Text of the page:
The peaking of world oil production presents the U.S. and the world with an unprecedented risk management problem. As peaking is approached, liquid fuel prices and price volatility will increase dramatically, and, without timely mitigation, the ecomic, social, and political costs will be unprecedented. Viable mitigation options exist on both the supply and demand sides, but to have substantial impact, they must be initiated more than a decade in advance of peaking. In 2003, the world consumed just under 80 million barrels per day (MM bpd) of oil. U.S. consumption was almost 20 MM bpd, two-thirds of which was in the transportation sector. The U.S. has a fleet of about 210 million automobiles and light trucks (vans, pick-ups, and SUVs). The average age of U.S. automobiles is nine years. Under rmal conditions, replacement of only half the automobile fleet will require 10-15 years. The average age of light trucks is seven years. Under rmal conditions, replacement of one-half of the stock of light trucks will require 9-14 years. While significant improvements in fuel efficiency are possible in automobiles and light trucks, any affordable approach to upgrading will be inherently time-consuming, requiring more than a decade to achieve significant overall fuel efficiency improvement. Besides further oil exploration, there are commercial options for increasing world oil supply and for the production of substitute liquid fuels: 1) Improved Oil Recovery (IOR) can marginally increase production from existing reservoirs; one of the largest of the IOR opportunities is Enhanced Oil Recovery (EOR), which can help moderate oil production declines from reservoirs that are past their peak production: 2) Heavy oil / oil sands represents a large resource of lower grade oils, w primarily produced in Canada and Venezuela; those resources are capable of significant production increases;. 3) Coal liquefaction is a well-established technique for producing clean substitute fuels from the world's abundant coal reserves; and finally, 4) Clean substitute fuels can be produced from remotely located natural gas, but exploitation must compete with the world's growing demand for liquefied natural gas. However, world-scale contributions from these options will require 10-20 years of accelerated effort. Dealing with world oil production peaking will be extremely complex, involve literally trillions of dollars and require many years of intense effort. To explore these complexities, three alternative mitigation scenarios were analyzed: Scenario I assumed that action is t initiated until peaking occurs. Scenario II assumed that action is initiated 10 years before peaking. Scenario III assumed action is initiated 20 years before peaking. For this analysis estimates of the possible contributions of each mitigation option were developed, based on an assumed crash program rate of implementation. Our approach was simplified in order to provide transparency and promote understanding. Our estimates are approximate, but the mitigation envelope that results is believed to be directionally indicative of the realities of such an ermous undertaking. The inescapable conclusion is that more than a decade will be required for the collective contributions to produce results that significantly impact world supply and demand for liquid fuels.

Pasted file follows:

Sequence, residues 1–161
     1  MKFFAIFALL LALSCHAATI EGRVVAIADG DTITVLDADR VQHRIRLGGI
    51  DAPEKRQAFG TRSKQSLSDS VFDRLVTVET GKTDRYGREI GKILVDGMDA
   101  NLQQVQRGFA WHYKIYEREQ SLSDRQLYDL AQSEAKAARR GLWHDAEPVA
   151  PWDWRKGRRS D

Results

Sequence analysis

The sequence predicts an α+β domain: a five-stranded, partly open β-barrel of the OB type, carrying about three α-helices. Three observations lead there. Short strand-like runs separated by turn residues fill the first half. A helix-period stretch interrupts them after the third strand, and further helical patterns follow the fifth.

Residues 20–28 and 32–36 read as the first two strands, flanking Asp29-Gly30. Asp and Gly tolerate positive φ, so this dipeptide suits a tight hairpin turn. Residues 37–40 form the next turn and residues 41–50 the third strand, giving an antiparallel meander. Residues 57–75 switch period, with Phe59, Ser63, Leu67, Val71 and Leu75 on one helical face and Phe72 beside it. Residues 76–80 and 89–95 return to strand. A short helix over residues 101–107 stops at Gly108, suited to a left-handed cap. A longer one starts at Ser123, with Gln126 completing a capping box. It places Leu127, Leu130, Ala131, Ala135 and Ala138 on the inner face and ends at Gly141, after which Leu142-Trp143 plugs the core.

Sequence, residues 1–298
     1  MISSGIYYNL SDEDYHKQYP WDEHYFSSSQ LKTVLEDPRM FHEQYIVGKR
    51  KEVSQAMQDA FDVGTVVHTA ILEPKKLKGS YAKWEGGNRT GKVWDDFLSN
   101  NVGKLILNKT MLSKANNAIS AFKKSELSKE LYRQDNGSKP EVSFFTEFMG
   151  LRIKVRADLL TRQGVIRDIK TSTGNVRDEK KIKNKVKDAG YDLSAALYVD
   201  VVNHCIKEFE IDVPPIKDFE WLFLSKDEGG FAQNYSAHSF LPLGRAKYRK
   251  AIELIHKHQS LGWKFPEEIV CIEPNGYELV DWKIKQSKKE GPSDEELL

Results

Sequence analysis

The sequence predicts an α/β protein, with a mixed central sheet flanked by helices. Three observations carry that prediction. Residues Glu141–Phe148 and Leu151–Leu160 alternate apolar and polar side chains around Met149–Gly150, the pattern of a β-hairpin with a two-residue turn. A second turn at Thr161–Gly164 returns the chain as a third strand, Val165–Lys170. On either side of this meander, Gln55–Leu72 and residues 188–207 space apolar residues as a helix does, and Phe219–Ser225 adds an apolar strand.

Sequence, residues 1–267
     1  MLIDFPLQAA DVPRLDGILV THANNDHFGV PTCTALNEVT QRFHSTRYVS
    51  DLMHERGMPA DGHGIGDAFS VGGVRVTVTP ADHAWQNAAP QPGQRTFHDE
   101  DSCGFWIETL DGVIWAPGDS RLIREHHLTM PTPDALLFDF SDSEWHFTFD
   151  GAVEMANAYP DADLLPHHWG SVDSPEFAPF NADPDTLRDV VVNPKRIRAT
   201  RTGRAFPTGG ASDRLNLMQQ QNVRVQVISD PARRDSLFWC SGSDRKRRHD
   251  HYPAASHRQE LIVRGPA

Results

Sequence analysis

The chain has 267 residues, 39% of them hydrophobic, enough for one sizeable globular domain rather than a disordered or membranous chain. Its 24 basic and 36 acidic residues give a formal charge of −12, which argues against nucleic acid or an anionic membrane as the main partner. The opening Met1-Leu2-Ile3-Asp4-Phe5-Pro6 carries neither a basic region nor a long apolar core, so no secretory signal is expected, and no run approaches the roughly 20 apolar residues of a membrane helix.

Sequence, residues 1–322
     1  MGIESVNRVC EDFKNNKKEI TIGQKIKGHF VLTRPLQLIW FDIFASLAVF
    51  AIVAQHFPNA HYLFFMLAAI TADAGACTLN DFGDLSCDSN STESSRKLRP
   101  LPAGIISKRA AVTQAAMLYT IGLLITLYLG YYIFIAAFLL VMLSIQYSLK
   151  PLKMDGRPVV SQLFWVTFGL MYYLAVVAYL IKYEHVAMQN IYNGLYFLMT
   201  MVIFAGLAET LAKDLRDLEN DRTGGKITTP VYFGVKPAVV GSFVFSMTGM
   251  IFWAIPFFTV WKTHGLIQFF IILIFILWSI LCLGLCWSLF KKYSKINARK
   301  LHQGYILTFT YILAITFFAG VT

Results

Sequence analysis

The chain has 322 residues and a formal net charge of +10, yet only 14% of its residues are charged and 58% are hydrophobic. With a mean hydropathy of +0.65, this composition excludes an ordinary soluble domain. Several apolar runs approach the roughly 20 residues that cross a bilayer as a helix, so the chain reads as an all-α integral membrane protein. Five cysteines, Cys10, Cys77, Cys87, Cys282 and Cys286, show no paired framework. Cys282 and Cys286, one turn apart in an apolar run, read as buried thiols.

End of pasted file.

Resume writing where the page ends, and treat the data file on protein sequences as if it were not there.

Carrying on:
National Energy Technology Laboratory, U S Department of Energy